U.S. Congressman looks to solidify fair use

It's not often that I'll praise a politician, but U.S. Congressman Rick Boucher deserves some props for trying to make a few changes that could make the lives of Webcasters and anyone that enjoys digital music a lot easier. AtNewYork.com reports:
He said he would introduce legislation that would essentially codify "fair use" provisions of copyright law (that have been implied but not necessarily guaranteed). He also wants to ease up some of the more copy-restrictive provisions of the 1998 Digital Milennium Copyright Act, whose pay-per-use provisions on copies he has criticized as a threat not only to "fair use," but to innovation, idea exchange, even First Amendment guarantees on free speech.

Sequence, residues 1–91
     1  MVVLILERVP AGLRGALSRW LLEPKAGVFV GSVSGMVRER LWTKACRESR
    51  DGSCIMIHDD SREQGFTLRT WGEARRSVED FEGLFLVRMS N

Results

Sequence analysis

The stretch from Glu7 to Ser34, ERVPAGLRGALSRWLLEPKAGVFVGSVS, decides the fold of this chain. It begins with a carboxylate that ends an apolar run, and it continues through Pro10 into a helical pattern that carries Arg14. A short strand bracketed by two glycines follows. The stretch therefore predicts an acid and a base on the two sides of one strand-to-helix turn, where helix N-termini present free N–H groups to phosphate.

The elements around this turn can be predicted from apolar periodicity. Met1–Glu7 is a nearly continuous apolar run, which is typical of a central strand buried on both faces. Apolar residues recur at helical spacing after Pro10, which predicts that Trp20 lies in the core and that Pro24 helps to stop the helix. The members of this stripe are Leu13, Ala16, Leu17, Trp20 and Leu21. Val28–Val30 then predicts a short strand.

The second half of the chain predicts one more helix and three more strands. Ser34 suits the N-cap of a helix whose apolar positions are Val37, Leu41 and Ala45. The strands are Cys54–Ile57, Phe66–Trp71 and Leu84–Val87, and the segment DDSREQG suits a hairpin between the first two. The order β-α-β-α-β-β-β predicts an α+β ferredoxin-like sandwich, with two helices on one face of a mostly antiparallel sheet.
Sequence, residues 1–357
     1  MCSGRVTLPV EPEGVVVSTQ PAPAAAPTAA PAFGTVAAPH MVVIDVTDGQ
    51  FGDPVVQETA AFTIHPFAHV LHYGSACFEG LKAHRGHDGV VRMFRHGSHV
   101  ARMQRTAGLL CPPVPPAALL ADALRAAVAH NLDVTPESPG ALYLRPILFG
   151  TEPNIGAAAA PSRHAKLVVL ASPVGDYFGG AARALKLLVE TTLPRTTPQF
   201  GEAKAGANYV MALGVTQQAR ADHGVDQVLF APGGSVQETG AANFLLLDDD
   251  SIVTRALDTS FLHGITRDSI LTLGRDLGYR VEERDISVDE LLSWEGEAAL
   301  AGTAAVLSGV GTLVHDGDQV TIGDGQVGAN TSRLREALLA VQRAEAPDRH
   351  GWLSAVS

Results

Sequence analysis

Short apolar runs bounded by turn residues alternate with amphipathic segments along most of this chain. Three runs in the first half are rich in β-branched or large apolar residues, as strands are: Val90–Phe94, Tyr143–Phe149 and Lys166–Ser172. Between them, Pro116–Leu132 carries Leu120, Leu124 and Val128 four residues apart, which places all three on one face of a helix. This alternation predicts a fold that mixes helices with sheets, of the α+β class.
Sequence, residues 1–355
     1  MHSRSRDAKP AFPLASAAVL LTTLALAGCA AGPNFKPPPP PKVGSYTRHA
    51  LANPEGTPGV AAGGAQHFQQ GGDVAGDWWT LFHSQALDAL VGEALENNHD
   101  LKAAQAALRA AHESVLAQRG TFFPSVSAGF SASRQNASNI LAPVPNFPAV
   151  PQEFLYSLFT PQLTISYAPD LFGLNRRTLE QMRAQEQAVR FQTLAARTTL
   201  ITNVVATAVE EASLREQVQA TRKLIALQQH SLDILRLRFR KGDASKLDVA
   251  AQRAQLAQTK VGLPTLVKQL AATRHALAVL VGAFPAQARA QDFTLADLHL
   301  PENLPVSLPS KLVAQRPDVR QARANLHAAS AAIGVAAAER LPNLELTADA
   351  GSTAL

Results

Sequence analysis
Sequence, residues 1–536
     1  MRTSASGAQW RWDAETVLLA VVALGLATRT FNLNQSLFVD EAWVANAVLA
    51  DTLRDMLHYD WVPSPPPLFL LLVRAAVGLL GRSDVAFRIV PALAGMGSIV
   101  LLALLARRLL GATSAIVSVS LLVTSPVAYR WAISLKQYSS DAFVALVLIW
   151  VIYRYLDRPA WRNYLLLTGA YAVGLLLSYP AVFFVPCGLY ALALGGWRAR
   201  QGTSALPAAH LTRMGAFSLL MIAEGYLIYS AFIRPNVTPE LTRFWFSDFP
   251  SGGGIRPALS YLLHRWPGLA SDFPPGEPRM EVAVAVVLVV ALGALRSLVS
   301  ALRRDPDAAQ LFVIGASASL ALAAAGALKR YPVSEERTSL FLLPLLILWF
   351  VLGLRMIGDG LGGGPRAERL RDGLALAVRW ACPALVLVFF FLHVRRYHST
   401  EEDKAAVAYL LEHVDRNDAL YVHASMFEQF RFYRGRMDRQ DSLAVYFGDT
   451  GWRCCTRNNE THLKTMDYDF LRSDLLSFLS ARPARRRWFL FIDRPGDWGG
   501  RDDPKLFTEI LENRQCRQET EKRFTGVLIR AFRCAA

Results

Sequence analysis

The article is short, and it's definitely worth a look if you're curious about what exactly Boucher is set to propose. Frankly, it all looks pretty good to me. Of course, just because Boucher is ready to stand up for fair use doesn't mean that the rest of Congress will follow suit. Perhaps it's a good time to write your local representative and see if you can persuade them to lend a hand.
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